Millions in Lebanon Risk Food Insecurity over Virus Lockdown, Warns HRW
Millions in Lebanon risk food insecurity due to a coronavirus lockdown unless the government provides urgent assistance, Human Rights Watch warned Wednesday.
Lebanon in mid-March ordered residents to stay at home and all non-essential businesses to close to halt the spread of COVID-19, which has officially infected 575 people and killed 19 nationwide.
Before the pandemic erupted, Lebanon was struggling with its worst economic crisis in decades, with 45 percent of the population facing poverty according to official estimates.
Lockdown measures to slow the spread of the virus have made matters worse with "millions of Lebanon's residents... at risk of going hungry", HRW said in a statement.
Lebanon is home to 4.5 million people, and also hosts around 1.5 million Syrians who have fled the nine-year war next door, most of whom rely on aid to survive.
"The lockdown... has compounded the poverty and economic hardship rampant in Lebanon before the virus arrived," said HRW senior researcher Lena Simet.
"Many people who had an income have lost it, and if the government does not step in, more than half the population may not be able to afford food and basic necessities."
The economic crisis since last year had already caused many people to lose their jobs or take salary cuts, and stay-at-home measures to counter the virus have now prevented even more from earning a wage.
Media has carried reports of a taxi driver who set his car on fire after security forces fined him for breaking the lockdown rules.
And an unemployed Lebanese construction worker unable to afford rent offered to sell his kidney, in an image widely shared online.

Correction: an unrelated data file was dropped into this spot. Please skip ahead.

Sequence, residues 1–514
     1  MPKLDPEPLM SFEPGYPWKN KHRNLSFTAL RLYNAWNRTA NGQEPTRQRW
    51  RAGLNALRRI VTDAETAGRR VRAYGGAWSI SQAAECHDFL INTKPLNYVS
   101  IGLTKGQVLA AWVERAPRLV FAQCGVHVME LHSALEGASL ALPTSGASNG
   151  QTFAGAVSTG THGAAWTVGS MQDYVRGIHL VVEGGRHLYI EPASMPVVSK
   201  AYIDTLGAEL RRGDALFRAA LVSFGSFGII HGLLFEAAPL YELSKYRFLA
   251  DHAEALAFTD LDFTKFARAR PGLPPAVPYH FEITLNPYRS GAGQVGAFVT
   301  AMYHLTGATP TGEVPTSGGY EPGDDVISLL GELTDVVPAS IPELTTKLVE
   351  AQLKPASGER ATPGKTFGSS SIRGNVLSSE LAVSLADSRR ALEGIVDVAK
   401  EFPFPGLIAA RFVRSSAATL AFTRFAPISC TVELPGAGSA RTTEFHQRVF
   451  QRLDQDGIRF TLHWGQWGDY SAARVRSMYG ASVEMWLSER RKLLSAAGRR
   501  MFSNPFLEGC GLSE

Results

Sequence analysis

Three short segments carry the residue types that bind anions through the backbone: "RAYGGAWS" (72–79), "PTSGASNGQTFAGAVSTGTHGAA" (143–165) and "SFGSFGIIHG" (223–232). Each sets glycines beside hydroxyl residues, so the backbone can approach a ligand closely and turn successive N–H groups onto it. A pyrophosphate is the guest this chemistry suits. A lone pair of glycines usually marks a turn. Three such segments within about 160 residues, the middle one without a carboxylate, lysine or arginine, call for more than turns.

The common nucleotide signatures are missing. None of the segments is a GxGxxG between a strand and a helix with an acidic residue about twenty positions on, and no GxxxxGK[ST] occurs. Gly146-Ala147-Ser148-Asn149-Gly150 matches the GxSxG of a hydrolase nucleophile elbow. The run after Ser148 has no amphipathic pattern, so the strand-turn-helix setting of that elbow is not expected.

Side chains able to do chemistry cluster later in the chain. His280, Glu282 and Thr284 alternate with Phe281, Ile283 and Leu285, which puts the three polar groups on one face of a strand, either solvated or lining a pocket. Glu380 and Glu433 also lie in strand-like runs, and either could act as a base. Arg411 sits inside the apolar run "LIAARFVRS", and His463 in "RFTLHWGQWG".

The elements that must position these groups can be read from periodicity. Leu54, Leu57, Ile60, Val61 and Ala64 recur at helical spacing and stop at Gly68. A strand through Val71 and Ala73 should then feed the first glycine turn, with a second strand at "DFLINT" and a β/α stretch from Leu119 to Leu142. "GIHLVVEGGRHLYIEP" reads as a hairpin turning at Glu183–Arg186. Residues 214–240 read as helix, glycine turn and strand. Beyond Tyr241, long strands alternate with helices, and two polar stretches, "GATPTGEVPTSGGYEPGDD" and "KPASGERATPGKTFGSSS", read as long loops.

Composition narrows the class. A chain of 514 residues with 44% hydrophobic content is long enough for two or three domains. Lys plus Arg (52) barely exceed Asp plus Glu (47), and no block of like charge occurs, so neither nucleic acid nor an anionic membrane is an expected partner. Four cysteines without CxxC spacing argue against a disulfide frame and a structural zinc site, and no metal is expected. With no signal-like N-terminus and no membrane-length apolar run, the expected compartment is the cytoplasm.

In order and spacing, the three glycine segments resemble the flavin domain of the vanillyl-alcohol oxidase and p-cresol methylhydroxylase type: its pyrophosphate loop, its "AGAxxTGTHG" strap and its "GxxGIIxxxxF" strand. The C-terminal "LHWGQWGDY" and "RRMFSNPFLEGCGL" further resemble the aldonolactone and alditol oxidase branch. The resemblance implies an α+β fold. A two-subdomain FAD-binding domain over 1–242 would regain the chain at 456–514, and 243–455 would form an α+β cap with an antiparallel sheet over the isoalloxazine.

HRW Lebanon researcher Aya Majzoub said many families are struggling due to a lack of savings.
The government has said it will pay out 400,000 Lebanese pounds (less than $150 at the market rate) to the most vulnerable.
HRW said the government should also consider suspending rent and mortgage payments throughout the lockdown.
Majzoub said Syrian refugees were also affected.
"Many of them were seasonal workers -- they worked in agriculture, they worked in the service industry -- and they're not able to do that anymore," she said.
But their ability to cope will depend largely on international aid, as before the pandemic.
The World Bank last week said it had re-allocated $40 million from its support to Lebanon's health sector to fight the virus, including for tests and ventilators.
And it has also been discussing "assistance to help mitigate the impact of the economic and financial crisis on the poor through emergency social safety nets", World Bank spokeswoman Zeina El-Khalil told AFP in March.
On Monday, Lebanon's President Michel Aoun urged the international community to provide financial assistance to back economic reforms.